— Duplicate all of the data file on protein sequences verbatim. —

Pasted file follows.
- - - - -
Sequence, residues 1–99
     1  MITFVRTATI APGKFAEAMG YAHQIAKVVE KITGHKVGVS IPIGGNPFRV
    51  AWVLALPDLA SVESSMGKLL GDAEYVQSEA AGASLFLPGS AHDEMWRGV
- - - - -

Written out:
Sequence, residues 1–99
     1  MITFVRTATI APGKFAEAMG YAHQIAKVVE KITGHKVGVS IPIGGNPFRV
    51  AWVLALPDLA SVESSMGKLL GDAEYVQSEA AGASLFLPGS AHDEMWRGV